I don’t know about you, but my go-to piece of software for just about everything is Excel. I have used Excel for over ten years for numerous projects from demographic profiling to building portfolio valuation models. At the Strata event several weeks ago, I was surprised to see Excel 2013 being featured so prominently at Microsoft’s booth, so I sat down and took a look at how Microsoft is positioning Excel in the world of big data.
What impressed me the most about Excel 2013 was the power of Data Explorer which can grab data from a variety of locations, including Hadoop. Additionally, with the press of a button you can search for and import tables from Wikipedia. Microsoft claims that this functionality is being expanded to include public information sources. With the press of another button, you can search the web for tables. The search is smart enough to recognize table tags in HTML and pull in table data from random web pages. Nice.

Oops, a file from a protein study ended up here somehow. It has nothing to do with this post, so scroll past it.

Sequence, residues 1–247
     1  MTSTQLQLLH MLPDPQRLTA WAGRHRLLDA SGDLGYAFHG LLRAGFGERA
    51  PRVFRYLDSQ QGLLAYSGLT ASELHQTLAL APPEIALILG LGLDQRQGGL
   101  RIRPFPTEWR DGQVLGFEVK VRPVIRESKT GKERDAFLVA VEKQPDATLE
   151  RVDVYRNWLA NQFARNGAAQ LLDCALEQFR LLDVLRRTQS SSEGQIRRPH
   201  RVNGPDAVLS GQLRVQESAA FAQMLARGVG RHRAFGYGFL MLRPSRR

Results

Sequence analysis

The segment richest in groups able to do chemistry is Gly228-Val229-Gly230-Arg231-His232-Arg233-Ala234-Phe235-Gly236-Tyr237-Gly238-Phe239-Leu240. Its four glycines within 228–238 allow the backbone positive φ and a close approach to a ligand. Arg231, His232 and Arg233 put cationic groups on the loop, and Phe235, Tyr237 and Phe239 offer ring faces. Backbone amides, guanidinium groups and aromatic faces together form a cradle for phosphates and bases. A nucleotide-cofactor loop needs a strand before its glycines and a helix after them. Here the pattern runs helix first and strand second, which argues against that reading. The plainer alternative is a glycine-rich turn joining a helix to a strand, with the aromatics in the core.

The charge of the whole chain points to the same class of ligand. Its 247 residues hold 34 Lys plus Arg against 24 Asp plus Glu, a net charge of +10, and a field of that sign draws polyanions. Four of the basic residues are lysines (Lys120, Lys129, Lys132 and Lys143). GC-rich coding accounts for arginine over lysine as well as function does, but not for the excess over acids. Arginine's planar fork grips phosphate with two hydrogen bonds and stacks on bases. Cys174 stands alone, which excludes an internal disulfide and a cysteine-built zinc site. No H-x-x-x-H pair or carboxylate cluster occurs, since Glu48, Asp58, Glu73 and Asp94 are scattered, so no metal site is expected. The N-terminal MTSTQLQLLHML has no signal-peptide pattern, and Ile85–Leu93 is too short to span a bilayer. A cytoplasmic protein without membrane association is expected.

With all of the new analytics tools on the market, I’m pleased that Microsoft is continuing to evolve Excel to keep pace with the big data explosion. After all, while Excel has its limitations, it’s a familiar analytics tool to millions of people, and anything that reduces the big data learning curve and makes people productive more quickly is a very good thing.
Good move Microsoft (did I really just say that?).